7. U.S. Supreme Court approves posting of Ten Commandments outside state capitol in Texas and disapproves their posting inside courthouses in Kentucky, both by 5-4. The high court also upholds the rights of prisoners to practice their religion and municipalities to take private property for public benefit. The court hears arguments on two abortion cases and Oregon euthanasia law. Meanwhile, a federal judge reinstates ban on "under God" in Pledge of Allegiance in three California school districts; case is expected to return to the Supreme Court.

8. Faith-based groups speak out on Bush's three nominees to the Supreme Court; evangelicals help to derail Harriet Miers. Earlier they weighed in on both sides of the question of filibustering judicial appointments; a compromise was eventually reached.

9. Vatican releases long-awaited statement on homosexuality, the first major instruction issued by Benedict XVI. It bars from seminaries those who are actively homosexual, have deeply rooted tendencies toward it or support gay subculture. Reaction is predictably mixed.

10. Billy Graham holds his farewell evangelistic campaign in New York City.

11. Withdrawal of Israel from the Gaza strip is hailed by varied faith-based groups as a major step toward peace in the Middle East. Meanwhile, Jews and conservative Christians criticize the Presbyterian Church USA and the United Church of Christ for seeking divestment of companies said to be contributing to Israeli acts against Palestinians.

12. Some church leaders raise their voices with those calling for immediate withdrawal from Iraq, where suicide bombers, partially motivated by their religion, are on the increase. Report of Quaran-trashing by U.S. troops, later found inaccurate, spurs riots in Afghanistan. Hate crimes rise dramatically in Britain after terrorist bombings in London.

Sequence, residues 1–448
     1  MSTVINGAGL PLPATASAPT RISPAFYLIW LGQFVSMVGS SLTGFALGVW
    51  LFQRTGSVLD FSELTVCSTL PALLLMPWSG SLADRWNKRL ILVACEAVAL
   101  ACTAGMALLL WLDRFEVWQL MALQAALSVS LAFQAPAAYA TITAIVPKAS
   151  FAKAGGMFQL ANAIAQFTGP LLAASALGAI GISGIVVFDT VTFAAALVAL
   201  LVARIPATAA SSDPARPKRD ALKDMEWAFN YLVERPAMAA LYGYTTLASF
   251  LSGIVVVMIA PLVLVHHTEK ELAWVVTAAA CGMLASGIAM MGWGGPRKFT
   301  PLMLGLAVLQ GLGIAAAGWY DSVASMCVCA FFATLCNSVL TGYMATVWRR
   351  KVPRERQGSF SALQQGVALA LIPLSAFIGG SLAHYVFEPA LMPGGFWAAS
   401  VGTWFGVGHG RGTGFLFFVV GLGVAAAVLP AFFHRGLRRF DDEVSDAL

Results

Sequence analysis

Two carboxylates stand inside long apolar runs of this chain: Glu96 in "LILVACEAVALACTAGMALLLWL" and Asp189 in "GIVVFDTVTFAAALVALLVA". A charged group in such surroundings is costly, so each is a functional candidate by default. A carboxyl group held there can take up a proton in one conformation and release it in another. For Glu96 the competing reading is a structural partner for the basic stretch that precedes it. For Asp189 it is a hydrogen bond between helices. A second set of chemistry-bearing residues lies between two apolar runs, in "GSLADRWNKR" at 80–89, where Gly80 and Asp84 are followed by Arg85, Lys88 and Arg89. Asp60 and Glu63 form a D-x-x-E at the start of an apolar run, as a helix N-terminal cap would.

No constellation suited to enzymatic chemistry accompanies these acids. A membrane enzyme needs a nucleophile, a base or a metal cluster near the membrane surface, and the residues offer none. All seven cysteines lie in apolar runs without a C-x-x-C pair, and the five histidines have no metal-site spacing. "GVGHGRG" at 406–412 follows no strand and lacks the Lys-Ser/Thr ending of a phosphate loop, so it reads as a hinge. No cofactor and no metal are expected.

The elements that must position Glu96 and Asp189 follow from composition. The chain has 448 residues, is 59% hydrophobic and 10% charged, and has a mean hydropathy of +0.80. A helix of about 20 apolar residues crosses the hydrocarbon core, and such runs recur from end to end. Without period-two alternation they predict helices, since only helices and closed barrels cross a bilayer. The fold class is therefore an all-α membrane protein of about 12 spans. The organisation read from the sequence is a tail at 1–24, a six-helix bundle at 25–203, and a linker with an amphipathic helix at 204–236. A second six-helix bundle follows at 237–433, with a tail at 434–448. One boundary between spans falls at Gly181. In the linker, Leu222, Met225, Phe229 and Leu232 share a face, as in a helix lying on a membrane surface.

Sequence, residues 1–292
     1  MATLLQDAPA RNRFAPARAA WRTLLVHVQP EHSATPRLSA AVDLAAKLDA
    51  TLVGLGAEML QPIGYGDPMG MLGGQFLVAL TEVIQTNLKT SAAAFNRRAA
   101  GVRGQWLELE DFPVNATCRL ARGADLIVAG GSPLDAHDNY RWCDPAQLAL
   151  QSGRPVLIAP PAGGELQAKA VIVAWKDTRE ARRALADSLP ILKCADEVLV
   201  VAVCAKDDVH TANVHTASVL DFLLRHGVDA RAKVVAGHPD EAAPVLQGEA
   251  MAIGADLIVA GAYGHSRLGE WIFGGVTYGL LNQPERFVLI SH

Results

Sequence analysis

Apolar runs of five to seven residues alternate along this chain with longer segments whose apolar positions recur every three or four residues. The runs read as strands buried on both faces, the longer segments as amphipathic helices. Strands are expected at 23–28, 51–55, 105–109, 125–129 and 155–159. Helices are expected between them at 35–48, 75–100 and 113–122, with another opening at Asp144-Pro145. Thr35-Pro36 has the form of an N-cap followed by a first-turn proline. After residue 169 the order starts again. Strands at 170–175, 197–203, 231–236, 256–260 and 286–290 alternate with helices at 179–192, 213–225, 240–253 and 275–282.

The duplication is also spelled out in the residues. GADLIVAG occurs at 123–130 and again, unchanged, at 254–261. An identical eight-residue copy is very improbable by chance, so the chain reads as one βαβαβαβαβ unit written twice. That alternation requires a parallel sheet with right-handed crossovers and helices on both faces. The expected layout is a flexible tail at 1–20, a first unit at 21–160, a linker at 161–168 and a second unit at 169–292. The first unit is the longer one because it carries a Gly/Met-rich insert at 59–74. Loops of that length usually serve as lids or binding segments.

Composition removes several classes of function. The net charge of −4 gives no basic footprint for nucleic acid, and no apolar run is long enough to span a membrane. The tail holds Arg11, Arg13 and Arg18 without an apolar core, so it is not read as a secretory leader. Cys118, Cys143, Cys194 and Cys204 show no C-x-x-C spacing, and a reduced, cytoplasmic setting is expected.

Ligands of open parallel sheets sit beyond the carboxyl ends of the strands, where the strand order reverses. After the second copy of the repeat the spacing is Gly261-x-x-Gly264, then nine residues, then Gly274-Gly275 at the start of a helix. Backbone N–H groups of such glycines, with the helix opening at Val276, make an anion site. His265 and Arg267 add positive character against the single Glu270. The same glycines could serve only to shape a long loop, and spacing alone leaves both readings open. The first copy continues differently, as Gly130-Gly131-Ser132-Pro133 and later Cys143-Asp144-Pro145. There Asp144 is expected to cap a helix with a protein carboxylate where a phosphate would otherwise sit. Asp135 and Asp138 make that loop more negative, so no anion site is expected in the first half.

13. Canada approves same-sex marriages. Move continues to insert bans on such marriages into state constitutions, and governor vetoes bill to approve them in California. Meanwhile, movement to ban them in Massachusetts fails; Connecticut okays civil unions.

14. California Megachurch pastor Rick Warren takes spotlight with the continued appeal of his "The Purpose Driven Life," his attempts to combat the AIDS epidemic in Africa, and the use of his book by Ashley Smith to help her escape from an accused quadruple-killer in Atlanta.

15. Catholic dioceses continue to struggle with child-abuse payments. John Jay report indicates 5,000 priests abused nearly 12,000 minors, with the estimated costs topping $1 billion. Portland (the first to declare bankruptcy) releases its reorganization plan; Spokane appeals a ruling about its assets.

16. Debate on stem-cell research continues in Congress and two-thirds of the state legislatures. Conservative Christians criticize change of policy by Bill Frist, Senate majority leader. Reports from Korea on such research amaze and alarm.

17. The Air Force develops new guidelines on religious activity after complaints about evangelization at the academy. Responses of Christian groups are varied.

18. Brother Roger, 90, founder of the Taize community in France, is knifed to death by a woman during an evening prayer service.

19. Democrats, looking to 2008, hold conferences on rethinking how to reach out to people of faith.

20. Interest in C.S. Lewis' life and thought rises with the release of the major film "The Chronicles of Narnia." Several other Hollywood films this year possessed religious overtones.